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At SRI, bomb-disabling robots go mini (photos)

Road Trip at Home: At SRI International, miniaturization is key, including remote robots for disarming bombs, and tiny satellites.

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Daniel Terdiman
Daniel Terdiman is a senior writer at CNET News covering Twitter, Net culture, and everything in between.
Daniel Terdiman
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Taurus

MENLO PARK, Calif.--At SRI International, innovation has long been the goal. This is the place where the computer mouse was born, where the first Internet connection happened, and where the first wireless communications were initiated. It's also home to wall-climbing robots and much more.

So it should come as no surprise that it is a place where research in one area evolves into products in others.

Shown here is Taurus, a miniature remote-controlled robot designed to disarm bombs for the military and police departments. The technology behind it was originally developed for large-scale remote surgical robots. But over the years SRI's researchers have steadily reduced the size of that robotic technology, and today Taurus is just 14 inches shoulder to shoulder. Now it allows those who dismantel bombs to remotely, and without risk to themselves, take apart explosives.

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Taurus from the side

This side view of Taurus gives a better sense of its size.
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CubeSat

SRI has been working with California Polytechnic State University, San Luis Obispo on this miniaturized satellite. Known as CubeSat, the system is a 10-centimeter cube that can be launched into space at a fraction of the cost of a traditional satellite payload.

While there are small-scale satellite projects like this throughout the world, SRI says it can advance the field of such satellite operations due to its ability to work on communications networking systems, and to design CubeSat projects for partners as diverse as the U.S. Air Force, universities, and the National Science Foundation.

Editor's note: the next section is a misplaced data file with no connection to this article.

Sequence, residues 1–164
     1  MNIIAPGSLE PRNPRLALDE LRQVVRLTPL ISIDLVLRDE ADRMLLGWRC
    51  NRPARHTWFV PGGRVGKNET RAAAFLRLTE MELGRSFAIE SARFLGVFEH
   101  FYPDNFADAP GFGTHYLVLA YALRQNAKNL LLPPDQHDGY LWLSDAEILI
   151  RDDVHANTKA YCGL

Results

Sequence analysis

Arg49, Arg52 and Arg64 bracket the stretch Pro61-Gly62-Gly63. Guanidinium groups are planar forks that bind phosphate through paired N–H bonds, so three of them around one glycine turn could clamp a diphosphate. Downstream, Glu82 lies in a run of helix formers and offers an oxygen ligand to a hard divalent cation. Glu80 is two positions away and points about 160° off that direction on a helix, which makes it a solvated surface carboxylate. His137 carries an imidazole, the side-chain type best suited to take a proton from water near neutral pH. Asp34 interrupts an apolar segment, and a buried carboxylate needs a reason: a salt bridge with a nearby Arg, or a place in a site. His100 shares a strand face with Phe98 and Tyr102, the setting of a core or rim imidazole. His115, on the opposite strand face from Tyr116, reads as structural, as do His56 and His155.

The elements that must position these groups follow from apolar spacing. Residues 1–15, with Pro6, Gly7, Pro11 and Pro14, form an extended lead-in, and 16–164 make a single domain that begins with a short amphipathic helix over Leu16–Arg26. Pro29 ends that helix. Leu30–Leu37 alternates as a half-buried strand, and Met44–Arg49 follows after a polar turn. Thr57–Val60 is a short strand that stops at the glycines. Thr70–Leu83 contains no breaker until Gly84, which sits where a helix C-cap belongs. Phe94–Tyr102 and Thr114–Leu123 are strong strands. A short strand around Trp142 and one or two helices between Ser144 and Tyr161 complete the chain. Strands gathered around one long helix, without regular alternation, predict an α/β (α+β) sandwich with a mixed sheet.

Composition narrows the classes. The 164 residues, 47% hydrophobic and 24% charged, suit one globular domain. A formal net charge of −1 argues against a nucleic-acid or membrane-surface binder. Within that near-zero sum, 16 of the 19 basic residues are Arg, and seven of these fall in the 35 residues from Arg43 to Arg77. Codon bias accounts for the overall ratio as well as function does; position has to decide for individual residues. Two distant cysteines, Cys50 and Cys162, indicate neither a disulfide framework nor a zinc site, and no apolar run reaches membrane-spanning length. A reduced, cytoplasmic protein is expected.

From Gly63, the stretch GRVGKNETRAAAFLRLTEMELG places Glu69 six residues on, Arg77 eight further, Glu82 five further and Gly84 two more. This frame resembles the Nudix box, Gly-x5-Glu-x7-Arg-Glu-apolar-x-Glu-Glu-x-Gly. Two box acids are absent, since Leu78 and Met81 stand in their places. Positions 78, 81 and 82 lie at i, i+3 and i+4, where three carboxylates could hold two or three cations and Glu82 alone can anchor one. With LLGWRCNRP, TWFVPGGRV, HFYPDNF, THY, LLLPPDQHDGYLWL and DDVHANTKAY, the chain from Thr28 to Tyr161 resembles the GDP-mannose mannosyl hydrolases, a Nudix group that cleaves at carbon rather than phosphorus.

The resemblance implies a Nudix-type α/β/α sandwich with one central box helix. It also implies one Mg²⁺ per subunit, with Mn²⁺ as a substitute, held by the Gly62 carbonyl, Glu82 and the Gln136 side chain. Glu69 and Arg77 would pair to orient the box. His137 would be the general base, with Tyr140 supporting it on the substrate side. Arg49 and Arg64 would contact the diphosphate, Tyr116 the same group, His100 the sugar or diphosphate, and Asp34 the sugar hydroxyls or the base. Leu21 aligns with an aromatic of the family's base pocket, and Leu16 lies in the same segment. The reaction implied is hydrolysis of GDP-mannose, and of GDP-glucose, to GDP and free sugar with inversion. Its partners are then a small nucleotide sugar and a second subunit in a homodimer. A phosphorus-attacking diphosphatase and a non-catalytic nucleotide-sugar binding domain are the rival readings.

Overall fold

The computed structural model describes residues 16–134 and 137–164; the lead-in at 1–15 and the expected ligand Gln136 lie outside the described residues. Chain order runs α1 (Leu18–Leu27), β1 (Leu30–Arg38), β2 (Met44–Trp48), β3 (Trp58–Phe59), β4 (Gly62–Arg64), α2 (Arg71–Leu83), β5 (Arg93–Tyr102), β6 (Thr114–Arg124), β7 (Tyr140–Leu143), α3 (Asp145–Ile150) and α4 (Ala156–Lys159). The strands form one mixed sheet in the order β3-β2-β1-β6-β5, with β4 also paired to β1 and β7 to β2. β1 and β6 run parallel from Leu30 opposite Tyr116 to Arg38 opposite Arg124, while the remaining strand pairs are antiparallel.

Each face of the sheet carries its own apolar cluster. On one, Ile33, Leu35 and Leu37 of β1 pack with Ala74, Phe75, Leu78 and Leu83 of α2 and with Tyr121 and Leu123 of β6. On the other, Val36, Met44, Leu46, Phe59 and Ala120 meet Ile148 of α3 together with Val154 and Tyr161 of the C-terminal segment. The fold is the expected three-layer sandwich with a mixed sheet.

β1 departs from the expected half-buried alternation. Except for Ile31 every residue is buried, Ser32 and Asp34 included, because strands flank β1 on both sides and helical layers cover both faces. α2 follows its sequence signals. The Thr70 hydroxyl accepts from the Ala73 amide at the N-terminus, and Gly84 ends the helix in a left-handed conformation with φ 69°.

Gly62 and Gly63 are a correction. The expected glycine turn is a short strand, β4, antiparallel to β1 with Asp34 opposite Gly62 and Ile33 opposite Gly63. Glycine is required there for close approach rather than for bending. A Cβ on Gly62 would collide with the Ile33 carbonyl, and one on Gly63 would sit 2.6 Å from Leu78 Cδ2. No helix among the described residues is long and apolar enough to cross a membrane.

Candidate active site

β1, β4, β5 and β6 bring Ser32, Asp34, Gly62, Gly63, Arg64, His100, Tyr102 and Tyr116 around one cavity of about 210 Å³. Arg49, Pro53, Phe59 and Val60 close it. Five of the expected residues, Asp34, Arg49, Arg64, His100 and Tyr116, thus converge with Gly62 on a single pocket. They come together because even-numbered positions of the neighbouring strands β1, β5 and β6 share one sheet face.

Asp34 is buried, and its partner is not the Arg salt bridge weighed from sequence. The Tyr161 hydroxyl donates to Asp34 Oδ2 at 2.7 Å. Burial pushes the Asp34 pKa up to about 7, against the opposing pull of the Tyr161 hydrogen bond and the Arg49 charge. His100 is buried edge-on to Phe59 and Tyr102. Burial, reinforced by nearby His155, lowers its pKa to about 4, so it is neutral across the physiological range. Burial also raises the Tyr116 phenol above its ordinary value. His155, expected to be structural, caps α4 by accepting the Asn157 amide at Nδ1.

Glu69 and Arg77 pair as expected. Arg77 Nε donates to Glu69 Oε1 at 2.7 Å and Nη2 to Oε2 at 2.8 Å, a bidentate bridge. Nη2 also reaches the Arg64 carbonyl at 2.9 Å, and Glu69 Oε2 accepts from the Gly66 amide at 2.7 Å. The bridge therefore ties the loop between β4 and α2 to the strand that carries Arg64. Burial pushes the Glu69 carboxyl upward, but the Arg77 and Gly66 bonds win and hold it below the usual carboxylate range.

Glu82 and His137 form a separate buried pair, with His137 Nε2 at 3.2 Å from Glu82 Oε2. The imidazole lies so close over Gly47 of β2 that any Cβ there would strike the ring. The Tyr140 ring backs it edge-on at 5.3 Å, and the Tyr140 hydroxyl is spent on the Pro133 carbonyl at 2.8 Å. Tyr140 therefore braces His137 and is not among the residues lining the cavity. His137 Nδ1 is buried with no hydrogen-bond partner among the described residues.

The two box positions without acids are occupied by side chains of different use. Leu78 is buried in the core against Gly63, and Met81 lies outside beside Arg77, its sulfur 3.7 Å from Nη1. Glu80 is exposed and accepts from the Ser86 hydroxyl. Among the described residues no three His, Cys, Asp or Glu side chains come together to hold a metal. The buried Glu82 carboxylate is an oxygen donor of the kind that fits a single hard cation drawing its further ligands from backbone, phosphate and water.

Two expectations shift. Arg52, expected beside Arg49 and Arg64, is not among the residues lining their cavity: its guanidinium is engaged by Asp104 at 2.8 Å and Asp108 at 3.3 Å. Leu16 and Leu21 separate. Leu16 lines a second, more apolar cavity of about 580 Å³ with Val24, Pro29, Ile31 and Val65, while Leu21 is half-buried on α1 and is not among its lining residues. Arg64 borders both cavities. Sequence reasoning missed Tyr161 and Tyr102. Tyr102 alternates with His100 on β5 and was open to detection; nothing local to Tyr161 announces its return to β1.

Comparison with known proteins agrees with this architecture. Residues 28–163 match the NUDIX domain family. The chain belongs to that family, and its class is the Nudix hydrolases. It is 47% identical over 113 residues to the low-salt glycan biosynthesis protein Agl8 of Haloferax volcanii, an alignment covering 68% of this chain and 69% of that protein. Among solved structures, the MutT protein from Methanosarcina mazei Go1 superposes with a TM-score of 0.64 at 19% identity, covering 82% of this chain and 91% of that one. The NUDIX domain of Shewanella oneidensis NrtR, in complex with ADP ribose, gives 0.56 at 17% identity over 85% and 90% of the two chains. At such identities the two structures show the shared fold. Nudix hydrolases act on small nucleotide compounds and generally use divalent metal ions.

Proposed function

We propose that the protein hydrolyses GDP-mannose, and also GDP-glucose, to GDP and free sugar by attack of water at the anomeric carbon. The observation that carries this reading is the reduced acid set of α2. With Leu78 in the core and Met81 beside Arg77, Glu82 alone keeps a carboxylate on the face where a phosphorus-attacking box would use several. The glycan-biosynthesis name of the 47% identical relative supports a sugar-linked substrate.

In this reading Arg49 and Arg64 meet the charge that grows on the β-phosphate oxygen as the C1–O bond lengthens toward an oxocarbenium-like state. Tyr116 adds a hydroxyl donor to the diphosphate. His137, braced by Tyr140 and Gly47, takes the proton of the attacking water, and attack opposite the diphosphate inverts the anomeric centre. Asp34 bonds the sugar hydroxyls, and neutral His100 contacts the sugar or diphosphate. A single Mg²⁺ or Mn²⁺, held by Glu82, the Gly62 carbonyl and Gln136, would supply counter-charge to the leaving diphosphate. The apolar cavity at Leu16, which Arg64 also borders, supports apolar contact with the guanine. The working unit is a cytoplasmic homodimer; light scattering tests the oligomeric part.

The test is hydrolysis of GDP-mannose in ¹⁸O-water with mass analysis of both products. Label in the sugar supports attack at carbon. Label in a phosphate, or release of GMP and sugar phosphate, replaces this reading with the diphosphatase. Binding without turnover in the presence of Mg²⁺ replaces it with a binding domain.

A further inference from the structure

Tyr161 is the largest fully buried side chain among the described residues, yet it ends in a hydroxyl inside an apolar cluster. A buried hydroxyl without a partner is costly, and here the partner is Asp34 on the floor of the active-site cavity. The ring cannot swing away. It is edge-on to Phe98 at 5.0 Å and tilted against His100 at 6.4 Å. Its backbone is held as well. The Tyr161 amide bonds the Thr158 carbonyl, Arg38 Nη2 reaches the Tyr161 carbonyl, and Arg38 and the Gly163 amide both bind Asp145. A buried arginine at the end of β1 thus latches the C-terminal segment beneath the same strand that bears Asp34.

The CubeSat can be outfitted with all kinds of networking equipment and any number of sensors, so long as they can fit inside. SRI has even developed a tiny propulsion system that can allow CubeSats to control their movements in space. They can be launched in groups, and work in tandem, or be spread out over hundreds or thousands of miles in space to create wide mesh networks. And all for tens of thousands or hundreds of thousands of dollars, rather than millions.

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CubeSat enclosure

This is the enclosure for CubeSat. The box, which was designed at CalPoly, can hold up to three of the tiny satellites. It is designed to protect the other equipment on a launch vehicle, which could potentially cost many millions of dollars, rather than the CubeSats themselves, which are relatively inexpensive.
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CubeSat enclosure front view

A frontal view of the CubeSat enclosure. The spring inside that is used to push out the tiny satellites is visible.
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Iris matching

This is a screenshot showing the iris-scanning technology of SRI's Iris on the Move system.
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Iris on the Move PassPort system

This is SRI's Iris on the Move system. It is designed to scan people's irises to match them against a database of known persons who, for example, work in a secure building or who travel through an airport. Irises are said to provide better identity matching than fingerprints. The system can handle about 30 people a minute, so long as each person is already in the database.
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Outdoor Glance

This is SRI's Iris on the Move Outdoor Glance system, which can be set up outdoors to provide a more mobile system.

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